You can forget Christmas, and birthdays. The calendar event my children look forward to the most is Easter. The glorious experience of waking up and following bunny footprints to a stash of chocolate eggs is the stuff childhood dreams are made of.
There are several large community Easter egg hunts being held around Sydney on Easter weekend. Centennial Park will hold four hunts, with visitors required to purchase a map of the Parklands trail to participate.
The Historic Houses Trust are celebrating what they call a “19th-century style Easter” at Vaucluse House and Elizabeth Farm in Parramatta. Children will be able to decorate their very own Easter basket, and join in The Great Egg Hunt through the gardens and grounds.
But long weekends also call for events that you can enjoy in the comfort of your pyjamas, so consider hosting a very special egg hunt in your own backyard.
Under 5’s will get a kick out of all things magical, so some talcum powder foot prints and gnawed carrots will be telltale clues that the Easter Bunny has been in attendance.
Hand the children a labelled basket - no fights that way - and send them on an egg trail inside or outside, depending on weather. There’s no need to make things too tricky for this age group - scattering over the lawn is sufficient.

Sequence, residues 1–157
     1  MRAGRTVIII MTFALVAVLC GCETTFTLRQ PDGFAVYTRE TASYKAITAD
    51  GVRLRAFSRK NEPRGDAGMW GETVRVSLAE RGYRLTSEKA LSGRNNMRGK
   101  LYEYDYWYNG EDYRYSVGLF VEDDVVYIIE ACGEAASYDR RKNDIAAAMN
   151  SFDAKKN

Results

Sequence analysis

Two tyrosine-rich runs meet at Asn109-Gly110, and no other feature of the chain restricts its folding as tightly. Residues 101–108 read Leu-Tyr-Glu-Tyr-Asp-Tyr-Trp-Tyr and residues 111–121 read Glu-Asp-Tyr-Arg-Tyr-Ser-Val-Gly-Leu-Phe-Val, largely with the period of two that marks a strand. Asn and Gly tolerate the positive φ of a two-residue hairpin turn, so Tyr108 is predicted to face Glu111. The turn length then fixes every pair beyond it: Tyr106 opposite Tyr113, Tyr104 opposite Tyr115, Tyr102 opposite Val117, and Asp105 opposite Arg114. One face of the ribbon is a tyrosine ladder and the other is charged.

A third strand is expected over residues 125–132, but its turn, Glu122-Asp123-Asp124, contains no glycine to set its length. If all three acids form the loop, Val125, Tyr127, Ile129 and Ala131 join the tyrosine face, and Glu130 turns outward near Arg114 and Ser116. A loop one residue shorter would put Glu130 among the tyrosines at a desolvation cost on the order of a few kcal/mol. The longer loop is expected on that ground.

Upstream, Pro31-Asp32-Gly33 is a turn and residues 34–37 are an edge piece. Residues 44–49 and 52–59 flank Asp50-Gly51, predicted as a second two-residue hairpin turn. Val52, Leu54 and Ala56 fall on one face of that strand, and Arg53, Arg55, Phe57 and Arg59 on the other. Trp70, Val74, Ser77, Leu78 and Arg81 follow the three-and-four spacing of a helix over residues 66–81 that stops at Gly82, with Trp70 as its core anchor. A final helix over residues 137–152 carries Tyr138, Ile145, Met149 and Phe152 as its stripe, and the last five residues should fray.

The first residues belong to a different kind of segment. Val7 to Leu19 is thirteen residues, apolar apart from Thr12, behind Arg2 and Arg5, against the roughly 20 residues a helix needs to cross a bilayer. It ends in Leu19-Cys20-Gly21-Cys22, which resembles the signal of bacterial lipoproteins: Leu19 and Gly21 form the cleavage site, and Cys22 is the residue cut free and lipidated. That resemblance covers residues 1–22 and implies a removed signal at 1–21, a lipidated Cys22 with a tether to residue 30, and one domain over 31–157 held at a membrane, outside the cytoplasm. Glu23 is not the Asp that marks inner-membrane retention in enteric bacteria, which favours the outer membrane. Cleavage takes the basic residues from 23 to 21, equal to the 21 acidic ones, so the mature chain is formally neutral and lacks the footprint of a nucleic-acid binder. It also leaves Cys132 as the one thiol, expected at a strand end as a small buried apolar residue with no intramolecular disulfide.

If you have older kids and younger kids hunting for eggs together, try colour coding them so all children are in with an equal chance. For example, tell the older kids look for purple and the littles for gold.
Real, hard boiled dyed eggs are the traditional choice for an egg hunt but it’s not surprising that chocolate has taken over in popularity. If using real eggs, boil and decorate them the day before, then refrigerate until just before the hunt.
Chocolate may not be the best option in hot weather or with pets around. Another idea is to purchase plastic eggs which allow you to put whatever you like inside. Some fun ideas are lollies, small toys (not for toddlers!) and even Play Doh.
Older kids will love a scavenger hunt. Clues can be hidden inside a plastic egg or wrapped around an edible one. Offer little treats with each clue, leading to a large stash.
For something really different, hold an Easter egg hunt at night, featuring glow sticks inside plastic eggs. You add coins and hard lollies too. Concealed in the garden behind rocks and leaves, this will be a fun and challenging activity for older children and the perfect sleepover game. Using the ‘night’ mode on your camera will capture the entertainment.
Whether you’re hunting inside the house, in your backyard or at the local park, make sure you clearly define boundaries. You don’t want kids rifling through your closet or digging up the neighbour’s flower beds. Happy hunting!